Any owner of the Sony A7s will immediately tell you that battery life sucks big time. Some guys may opt in for the $300 Dollar Sony VGC1EM Battery Grip (found here), which allows you to run (2) Sony batteries at the same time.
$300 Dollars is a bit expensive, and there are Generic VGC1EM Battery Grips for $65 Dollars (found here), but because of the poor life of each Sony OEM battery, even two most likely still wont be enough for a solid day of production.
Recently I posted up a short little article about how to make your own Sony A7s external power source using cheap battery trays (here). Since both the Canon LP-E6 batteries and the Sony NPF style batteries run similar voltage, you can use either one to power up your Sony A7s for cheap and not to mention several times longer than the A7s battery.
An external power source has been very handy, but this means always having to mount the external battery with the camera at all times. You can see how SatoStudios has been mounting one to either a cage or shoulder rig (below).
After testing out the Canon LP-E6 batteries (which I have more than a few dozen of), I thought about modifying a generic Canon Battery Grip I had laying around.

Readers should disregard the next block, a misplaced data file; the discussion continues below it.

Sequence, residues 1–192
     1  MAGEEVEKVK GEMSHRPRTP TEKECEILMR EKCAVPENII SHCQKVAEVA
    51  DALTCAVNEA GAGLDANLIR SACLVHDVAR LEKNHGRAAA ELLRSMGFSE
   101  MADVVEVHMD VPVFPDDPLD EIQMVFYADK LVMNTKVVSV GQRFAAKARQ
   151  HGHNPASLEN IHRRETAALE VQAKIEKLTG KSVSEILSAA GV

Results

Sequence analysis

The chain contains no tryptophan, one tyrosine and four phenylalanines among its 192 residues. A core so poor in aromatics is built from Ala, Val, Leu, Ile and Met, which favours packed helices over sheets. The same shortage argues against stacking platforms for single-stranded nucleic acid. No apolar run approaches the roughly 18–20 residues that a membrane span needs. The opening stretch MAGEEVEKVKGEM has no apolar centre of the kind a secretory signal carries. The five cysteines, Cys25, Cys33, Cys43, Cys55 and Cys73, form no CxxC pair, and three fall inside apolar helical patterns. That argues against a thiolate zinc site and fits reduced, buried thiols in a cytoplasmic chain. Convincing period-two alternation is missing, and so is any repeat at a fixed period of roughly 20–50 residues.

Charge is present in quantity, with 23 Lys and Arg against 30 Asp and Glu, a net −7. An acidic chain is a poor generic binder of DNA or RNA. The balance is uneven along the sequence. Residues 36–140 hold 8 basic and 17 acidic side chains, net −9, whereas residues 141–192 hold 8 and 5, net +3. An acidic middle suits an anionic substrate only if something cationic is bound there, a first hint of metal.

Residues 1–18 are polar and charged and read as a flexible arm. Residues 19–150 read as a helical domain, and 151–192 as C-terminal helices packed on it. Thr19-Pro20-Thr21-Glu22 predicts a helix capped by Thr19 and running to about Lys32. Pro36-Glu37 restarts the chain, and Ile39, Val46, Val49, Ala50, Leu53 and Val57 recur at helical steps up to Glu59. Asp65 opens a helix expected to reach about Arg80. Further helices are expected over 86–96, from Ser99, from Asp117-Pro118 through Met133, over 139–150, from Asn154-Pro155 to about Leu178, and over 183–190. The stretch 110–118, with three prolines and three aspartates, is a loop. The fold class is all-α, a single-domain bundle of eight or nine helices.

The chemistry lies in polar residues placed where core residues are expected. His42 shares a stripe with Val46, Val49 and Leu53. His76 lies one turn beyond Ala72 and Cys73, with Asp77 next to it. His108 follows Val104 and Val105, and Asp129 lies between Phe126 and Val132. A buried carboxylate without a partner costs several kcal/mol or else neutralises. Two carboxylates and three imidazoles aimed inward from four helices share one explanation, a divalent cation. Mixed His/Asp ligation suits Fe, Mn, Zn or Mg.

This would mount under the camera, clean up any loose wiring, and still be able to tripod mount my Sony A7s. So I basically gutted the generic Canon Battery grip, rewired the battery terminals inside directly to a Sony Dummy Battery adapter.
Now because the grip isn't smart enough to switch over once a battery is depleted, and it may not be wise to run these batteries in Parallel, I decided to add a simple toggle switch. The good thing is that the Sony A7s seems to read the battery levels fine, and the toggle switch allows me to use either Battery A(1) or Battery B(2).
Although she doesn't look pretty, I didn't have to spend any extra money outside of a $13 dollar Sony Dummy Battery (found here), and EACH Canon LP-E6 battery runs several times longer than the Sony A7s. I haven't put any run times tests together but theoretically it might do 4-5 hours.
While it may not be a worthwhile project just anyone should tackle, it's a neat way to recycle my old gear. Not to mention improve shooting times on the Sony A7s by several times over while keeping cords and mounting to a minimum. It's a nice way to balance out the small body when using larger lenses too.
I don't suggest just anyone tackle this project unless you have a bit of electrical know-how. Of course it's fairly easy if you understand basic electrical wiring. I have another spare grip from a Canon T2i, and now attempting to build a battery grip for my BlackMagic Pocket Cinema Camera. I believe I can fit a 3s Li-on RC Battery into the slide out tray.